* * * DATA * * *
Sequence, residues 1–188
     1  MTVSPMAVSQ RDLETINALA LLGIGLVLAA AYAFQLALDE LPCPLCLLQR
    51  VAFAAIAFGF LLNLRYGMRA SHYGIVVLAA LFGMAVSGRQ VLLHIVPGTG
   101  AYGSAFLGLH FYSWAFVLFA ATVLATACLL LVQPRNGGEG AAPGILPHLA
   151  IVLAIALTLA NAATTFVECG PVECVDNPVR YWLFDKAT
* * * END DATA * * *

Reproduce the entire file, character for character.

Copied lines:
Sequence, residues 1–188
     1  MTVSPMAVSQ RDLETINALA LLGIGLVLAA AYAFQLALDE LPCPLCLLQR
    51  VAFAAIAFGF LLNLRYGMRA SHYGIVVLAA LFGMAVSGRQ VLLHIVPGTG
   101  AYGSAFLGLH FYSWAFVLFA ATVLATACLL LVQPRNGGEG AAPGILPHLA
   151  IVLAIALTLA NAATTFVECG PVECVDNPVR YWLFDKAT